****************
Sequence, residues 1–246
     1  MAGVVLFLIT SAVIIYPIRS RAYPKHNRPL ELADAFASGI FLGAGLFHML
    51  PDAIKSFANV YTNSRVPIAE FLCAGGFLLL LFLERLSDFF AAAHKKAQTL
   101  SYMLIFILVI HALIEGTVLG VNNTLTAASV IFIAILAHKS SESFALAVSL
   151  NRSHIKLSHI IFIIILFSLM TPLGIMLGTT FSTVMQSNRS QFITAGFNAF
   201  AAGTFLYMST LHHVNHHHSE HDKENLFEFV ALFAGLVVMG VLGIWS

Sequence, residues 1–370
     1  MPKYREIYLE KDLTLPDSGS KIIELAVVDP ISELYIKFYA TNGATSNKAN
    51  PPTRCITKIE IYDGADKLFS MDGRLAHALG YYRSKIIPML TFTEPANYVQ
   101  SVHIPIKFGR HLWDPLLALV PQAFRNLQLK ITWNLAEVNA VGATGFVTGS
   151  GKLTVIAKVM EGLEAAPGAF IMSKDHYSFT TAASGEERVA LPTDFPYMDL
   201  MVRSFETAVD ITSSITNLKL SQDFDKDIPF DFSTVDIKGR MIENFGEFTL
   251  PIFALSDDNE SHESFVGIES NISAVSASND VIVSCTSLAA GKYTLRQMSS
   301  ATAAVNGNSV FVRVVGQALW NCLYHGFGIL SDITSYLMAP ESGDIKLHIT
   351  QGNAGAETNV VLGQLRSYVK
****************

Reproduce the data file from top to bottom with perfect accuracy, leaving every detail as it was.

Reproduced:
Sequence, residues 1–246
     1  MAGVVLFLIT SAVIIYPIRS RAYPKHNRPL ELADAFASGI FLGAGLFHML
    51  PDAIKSFANV YTNSRVPIAE FLCAGGFLLL LFLERLSDFF AAAHKKAQTL
   101  SYMLIFILVI HALIEGTVLG VNNTLTAASV IFIAILAHKS SESFALAVSL
   151  NRSHIKLSHI IFIIILFSLM TPLGIMLGTT FSTVMQSNRS QFITAGFNAF
   201  AAGTFLYMST LHHVNHHHSE HDKENLFEFV ALFAGLVVMG VLGIWS

Sequence, residues 1–370
     1  MPKYREIYLE KDLTLPDSGS KIIELAVVDP ISELYIKFYA TNGATSNKAN
    51  PPTRCITKIE IYDGADKLFS MDGRLAHALG YYRSKIIPML TFTEPANYVQ
   101  SVHIPIKFGR HLWDPLLALV PQAFRNLQLK ITWNLAEVNA VGATGFVTGS
   151  GKLTVIAKVM EGLEAAPGAF IMSKDHYSFT TAASGEERVA LPTDFPYMDL
   201  MVRSFETAVD ITSSITNLKL SQDFDKDIPF DFSTVDIKGR MIENFGEFTL
   251  PIFALSDDNE SHESFVGIES NISAVSASND VIVSCTSLAA GKYTLRQMSS
   301  ATAAVNGNSV FVRVVGQALW NCLYHGFGIL SDITSYLMAP ESGDIKLHIT
   351  QGNAGAETNV VLGQLRSYVK